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OenoGroup looking to add restaurant to OenoHouse

Fine wine company the OenoGroup is aiming to add a new restaurant to its unique bar and terrace proposition, OenoHouse, next year as it continues to build its profile.

The fine wine company’s bar and alfresco terrace opened in London’s Royal Exchange in July, offering a menu of around 4,000 fine wines that can be drunk by the glass, with a further 45,000 bottles that can be pre-ordered on request.

The team are now hoping to increase the commercial arm by opening a second unit at the Royal Exchange to will offer dining and operate a year round service.

“We’re hoping to do that next year, but it’ll take a while,” the group’s director of wine, Justin Knock MW said.

Speaking to the drinks business at a Penfolds tasting last night, Knock said that although OenoHouse was only  a relatively small part of the business – the investor/collector side, OenoFuture, drives the business  – it offers a unique proposition to both its investor clients and to customers.

“Most of our clients are buying wine with the intention of selling it at some point, as an investment. But we’re conscious that we don’t want to be seen as just a wine investment company, partly as there’s no differentiation or distinction. Our goal was to be a luxury wine company and OenoHouse is part of a strategy to realise that,” Knock said

It was developed to provide a unique “liquidation pathway” pathway for clients.

“When people buy through OenoFuture we give them full service, an account manager, free storage and free insurance, but we also offer this liquidation pathway, which other people don’t,” he explained.

“They can sell their wines through OeneoHouse at retail price (around £70 to £200) – we do it by the glass or by the event for example. So most of the stock is owned by clients and we’re selling it on their behalf.”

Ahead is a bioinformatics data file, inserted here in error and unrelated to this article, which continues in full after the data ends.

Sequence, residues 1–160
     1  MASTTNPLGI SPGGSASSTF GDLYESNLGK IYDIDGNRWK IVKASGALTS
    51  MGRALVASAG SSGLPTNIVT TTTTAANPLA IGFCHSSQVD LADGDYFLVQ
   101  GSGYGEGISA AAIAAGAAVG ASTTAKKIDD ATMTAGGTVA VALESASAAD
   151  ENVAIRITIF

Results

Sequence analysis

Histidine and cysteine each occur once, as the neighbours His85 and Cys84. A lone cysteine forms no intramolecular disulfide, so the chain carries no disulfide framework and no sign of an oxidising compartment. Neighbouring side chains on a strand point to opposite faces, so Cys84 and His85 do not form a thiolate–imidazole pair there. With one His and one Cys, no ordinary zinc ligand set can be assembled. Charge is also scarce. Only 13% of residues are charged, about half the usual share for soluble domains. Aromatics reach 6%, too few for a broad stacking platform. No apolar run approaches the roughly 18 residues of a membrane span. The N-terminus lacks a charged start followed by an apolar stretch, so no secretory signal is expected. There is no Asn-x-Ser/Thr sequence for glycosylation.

“That way they can realise a higher profit in a different way by selling wine rather than having us just tell the client to ‘buy it, hold it for ten years and then get someone to broker it or sell it on auction’,” he explained.

OenoHouse also offers the chance for the company to make more of an impression on the market, Knock added.

“We’ve only been going a year, so people want to know who we are and why we’re different,” he said. “You can’t imagine how useful it is to have people able to come to OenoHouse to see us and to see the wines.”

“People can see we are a real company with real, very high quality stock, rather than a faceless, nameless company selling fine wine.”

The return of the on-trade had been good for the groups’ fledgling trade arm, OenoTrade, which connects wine investors with the private trade sector and was just getting going last year when the pandemic hit.

However Knock sees a good opportunity in the current market, with the city continuing to open up again.

“One of the interesting things about London is that there are so many new opening, but people are quite challenged by stock and inventory,” Knock sales. As a reasult, there has been notable interest in the company’s luxury wines consignment option.

“Restaurants are receptive to it at the moment, as they want the wines and they have the clientele, what they don’t want is all that capitalized stock,” he explains.

Stong demand

There is a lot of trust in rare lots and older vintages of elite wines among the trade, Knock notes, pointing out old Burgundies, top names such as Screaming Eagle and Tuscan accounts such as Le Pergole Torte and Sassicaia, which are doing very well. Silver Heights from China, has also proved to be popular, particularly among high-end Chinese restaurants.

Rare larger formats have also been in strong demand, and the company is snapping them up.

“We’ve collected a lot as they are hyper rare and exclusive, but our philosophy is that we’re in a golden era for wine and we don’t know if wines in the classic regions will be as important as they’ve seen, so it’s an important time capsule.”

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